Doing business reforms in Punjab

Keeping up with these rankings is not a one-time effort and rather a continuous race

Hasaan Khawar February 20, 2018
The writer is a public policy expert and an honorary Fellow of Consortium for Development Policy Research. He tweets @hasaankhawar

Recently the authorities in Punjab de-notified the requirement of getting the Environment Protection Agency’s NOC for constructing a warehouse posing no risk to environment. While no one knows why the regulation was there in the first place, the simple reform reduced the whole process by 105 days. This reform was aimed at improving Pakistan’s falling ranking in the World Bank’s Doing Business (DB) survey.

Recently, I wrote two pieces on federal and provincial regulations responsible for Pakistan’s dismal ranking. In response, the Punjab government reached out and shared a rather elaborate agenda of reforms to improve Pakistan’s ranking. The fact that the problem is now on the government’s radar and it is listening and responding to constructive criticism is remarkable.

Other significant steps recently undertaken by Punjab, include a portal fully integrated with NADRA and the SECP, making business registration possible within three days, reduced time for building permit issuance from 60 days to 21 days, swifter registration of property within 18 days down from 56 days, etc. The provincial government even has a dedicated website on these reforms. When closely looked at, these efforts are indeed impressive.

The doing business survey recently stirred a global controversy, with reference to the sudden rise of Chile’s and India’s rankings attributed to changes in methodology, followed by criticism regarding ‘lack of scientific rigour and biased policy orientation’. No survey can be perfect and there is always room for improvement. But the mere availability of cross-country data on challenges faced by businesses has generated substantial interest in many governments around the world about reforming the investment climate. The fact that these countries have undertaken targeted reform efforts to improve their ranking manifests the political will and the desire to reform.

Pakistan is a case in point. The DB reforms are not only limited to Punjab. Substantial work is also being done in Sindh and in the federal government. Only last month, the prime minister constituted a high-powered steering committee on DB reforms.

However, it is important to objectively look at these reforms to understand what they can and cannot achieve and what more is needed from the government. Firstly, the benchmark indicators used by Doing Business survey are based on specific case studies to illustrate the problem at hand. The reforms should not be limited to these specific cases as not only will such an approach not yield any meaningful result on ground but will also be susceptible to any changes in methodology. It is ironic that while DB reforms are talk of the town in Punjab and Sindh, these are non-existent in K-P and Balochistan, as these are currently not covered by the survey.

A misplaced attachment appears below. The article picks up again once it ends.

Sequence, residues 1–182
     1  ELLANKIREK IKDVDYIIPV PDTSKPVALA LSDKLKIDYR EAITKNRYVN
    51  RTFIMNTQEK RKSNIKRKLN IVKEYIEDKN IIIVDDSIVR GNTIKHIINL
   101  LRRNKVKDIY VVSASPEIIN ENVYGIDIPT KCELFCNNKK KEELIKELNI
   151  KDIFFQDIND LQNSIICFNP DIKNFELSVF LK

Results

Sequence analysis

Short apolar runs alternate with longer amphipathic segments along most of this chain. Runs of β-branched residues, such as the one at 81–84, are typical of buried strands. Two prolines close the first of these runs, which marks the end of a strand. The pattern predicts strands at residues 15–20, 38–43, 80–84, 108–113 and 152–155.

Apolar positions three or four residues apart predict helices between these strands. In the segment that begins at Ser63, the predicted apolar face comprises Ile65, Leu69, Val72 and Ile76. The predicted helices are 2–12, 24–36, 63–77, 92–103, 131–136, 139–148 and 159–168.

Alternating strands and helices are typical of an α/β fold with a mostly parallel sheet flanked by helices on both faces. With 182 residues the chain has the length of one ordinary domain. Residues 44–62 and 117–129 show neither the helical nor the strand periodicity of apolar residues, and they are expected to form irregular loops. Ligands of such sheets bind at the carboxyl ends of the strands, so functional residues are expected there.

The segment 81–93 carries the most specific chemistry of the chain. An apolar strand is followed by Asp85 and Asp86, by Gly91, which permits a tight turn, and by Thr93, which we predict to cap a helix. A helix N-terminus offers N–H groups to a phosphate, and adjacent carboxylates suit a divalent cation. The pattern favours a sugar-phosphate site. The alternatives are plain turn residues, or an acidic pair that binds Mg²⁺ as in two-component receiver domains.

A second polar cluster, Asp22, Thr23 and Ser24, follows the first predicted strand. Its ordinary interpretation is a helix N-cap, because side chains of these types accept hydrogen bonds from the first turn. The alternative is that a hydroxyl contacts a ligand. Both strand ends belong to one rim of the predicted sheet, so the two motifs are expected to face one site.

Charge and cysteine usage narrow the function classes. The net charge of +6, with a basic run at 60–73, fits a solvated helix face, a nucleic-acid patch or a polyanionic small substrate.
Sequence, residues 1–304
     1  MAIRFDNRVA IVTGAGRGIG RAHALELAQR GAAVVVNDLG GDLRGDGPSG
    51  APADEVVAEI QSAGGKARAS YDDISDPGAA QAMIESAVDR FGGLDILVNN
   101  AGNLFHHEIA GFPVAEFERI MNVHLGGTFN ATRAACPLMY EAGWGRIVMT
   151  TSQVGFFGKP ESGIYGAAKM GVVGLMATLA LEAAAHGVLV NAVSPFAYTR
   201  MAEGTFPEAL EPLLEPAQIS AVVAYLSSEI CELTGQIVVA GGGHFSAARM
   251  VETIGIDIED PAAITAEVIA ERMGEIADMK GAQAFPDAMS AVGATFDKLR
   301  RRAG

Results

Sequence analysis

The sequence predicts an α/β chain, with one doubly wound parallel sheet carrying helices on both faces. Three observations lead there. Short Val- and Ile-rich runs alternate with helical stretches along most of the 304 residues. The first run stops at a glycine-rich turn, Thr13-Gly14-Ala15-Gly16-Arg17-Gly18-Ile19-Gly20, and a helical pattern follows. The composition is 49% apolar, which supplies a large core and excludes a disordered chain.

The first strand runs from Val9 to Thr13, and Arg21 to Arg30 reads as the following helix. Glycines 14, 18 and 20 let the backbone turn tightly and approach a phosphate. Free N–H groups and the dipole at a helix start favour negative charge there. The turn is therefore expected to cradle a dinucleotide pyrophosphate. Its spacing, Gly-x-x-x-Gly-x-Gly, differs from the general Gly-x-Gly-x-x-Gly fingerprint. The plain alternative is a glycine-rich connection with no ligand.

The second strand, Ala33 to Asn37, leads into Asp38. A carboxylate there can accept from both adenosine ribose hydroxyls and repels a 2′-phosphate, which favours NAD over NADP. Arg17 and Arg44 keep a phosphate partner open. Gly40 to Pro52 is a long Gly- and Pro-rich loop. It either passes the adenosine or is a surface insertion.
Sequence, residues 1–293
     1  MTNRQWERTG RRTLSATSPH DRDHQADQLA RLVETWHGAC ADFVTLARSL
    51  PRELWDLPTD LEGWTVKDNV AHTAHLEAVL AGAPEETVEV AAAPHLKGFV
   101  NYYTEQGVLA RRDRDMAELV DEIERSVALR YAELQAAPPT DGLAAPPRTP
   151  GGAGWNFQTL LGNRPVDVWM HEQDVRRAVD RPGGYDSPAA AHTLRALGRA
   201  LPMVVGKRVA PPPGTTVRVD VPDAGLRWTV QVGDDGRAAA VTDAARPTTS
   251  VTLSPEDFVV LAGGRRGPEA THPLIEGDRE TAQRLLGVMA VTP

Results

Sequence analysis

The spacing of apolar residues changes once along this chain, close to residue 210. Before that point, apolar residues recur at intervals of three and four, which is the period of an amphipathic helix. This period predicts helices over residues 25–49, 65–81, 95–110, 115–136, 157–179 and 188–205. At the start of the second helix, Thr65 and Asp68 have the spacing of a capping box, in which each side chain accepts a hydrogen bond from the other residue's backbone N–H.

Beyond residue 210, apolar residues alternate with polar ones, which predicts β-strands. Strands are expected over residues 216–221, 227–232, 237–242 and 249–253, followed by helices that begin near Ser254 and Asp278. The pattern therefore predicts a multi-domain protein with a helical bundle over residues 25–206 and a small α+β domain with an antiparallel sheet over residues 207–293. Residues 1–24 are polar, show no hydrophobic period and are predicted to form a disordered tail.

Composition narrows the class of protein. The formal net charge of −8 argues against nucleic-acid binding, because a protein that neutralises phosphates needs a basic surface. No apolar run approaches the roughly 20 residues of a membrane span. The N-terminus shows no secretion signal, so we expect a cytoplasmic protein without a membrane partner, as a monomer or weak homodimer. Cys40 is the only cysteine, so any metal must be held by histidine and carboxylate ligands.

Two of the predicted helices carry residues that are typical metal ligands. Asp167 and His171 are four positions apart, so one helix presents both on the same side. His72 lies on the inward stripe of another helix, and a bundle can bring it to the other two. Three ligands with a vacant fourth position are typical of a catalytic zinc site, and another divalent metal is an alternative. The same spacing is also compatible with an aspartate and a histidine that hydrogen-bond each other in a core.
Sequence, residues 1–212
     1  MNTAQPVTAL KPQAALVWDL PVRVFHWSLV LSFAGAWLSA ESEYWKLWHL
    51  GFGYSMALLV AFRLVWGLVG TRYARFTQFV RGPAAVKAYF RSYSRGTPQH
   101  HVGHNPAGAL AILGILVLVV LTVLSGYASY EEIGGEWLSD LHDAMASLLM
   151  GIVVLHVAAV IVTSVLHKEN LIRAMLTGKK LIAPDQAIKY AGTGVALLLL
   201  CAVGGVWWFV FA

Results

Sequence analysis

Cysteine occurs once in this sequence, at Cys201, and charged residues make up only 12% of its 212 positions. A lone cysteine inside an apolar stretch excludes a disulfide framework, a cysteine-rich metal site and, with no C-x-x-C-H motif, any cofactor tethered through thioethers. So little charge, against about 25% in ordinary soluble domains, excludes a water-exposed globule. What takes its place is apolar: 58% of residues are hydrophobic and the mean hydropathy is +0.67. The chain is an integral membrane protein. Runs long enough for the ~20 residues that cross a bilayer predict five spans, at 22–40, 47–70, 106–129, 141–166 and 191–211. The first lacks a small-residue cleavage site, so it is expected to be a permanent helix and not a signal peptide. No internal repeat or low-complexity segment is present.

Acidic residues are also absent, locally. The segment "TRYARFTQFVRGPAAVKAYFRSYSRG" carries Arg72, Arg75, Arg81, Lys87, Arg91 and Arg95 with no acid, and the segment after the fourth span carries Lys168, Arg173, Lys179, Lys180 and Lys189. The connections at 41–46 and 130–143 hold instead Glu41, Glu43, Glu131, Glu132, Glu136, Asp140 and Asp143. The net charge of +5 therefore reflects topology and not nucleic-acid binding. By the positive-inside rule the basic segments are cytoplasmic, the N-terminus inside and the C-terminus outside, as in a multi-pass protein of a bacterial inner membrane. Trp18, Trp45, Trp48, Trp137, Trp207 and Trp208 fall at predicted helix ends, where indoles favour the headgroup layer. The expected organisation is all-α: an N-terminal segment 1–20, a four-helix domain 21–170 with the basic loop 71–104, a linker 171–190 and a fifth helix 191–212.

Secondly, the constraints covered by DB indicators only signify the tip of the iceberg. The agenda for improving investment climate is much wider, entailing broader economic and financial conditions in the country.

Thirdly, the 2018 report highlighted 8 reforms by the Indian government making it easier to do business resulting in a rise of 30 positions. The same report captured four reform efforts in Pakistan with a loss of rank by 3 positions. These aspects need to be looked at and addressed. The government also needs to highlight its efforts more, track service delivery time experienced by citizens and publicly report them.

Lastly, keeping up with these rankings is not a one-time effort and rather a continuous race. Pakistan’s DB rank in 2008 was 85, and now 147. Even if we assume that we have not improved, we have definitely not worsened. But these rankings are relative and even if we maintained our performance, others had gone far ahead.

While it is true that merely improving these few indicators is not going to significantly transform the investment climate, they do indeed signify a start. Moreover, these are likely to improve Pakistan’s ranking, signalling positive sentiment to foreign investors. Let’s hope that these efforts bear fruit in the coming years.

Published in The Express Tribune, February 20th, 2018.

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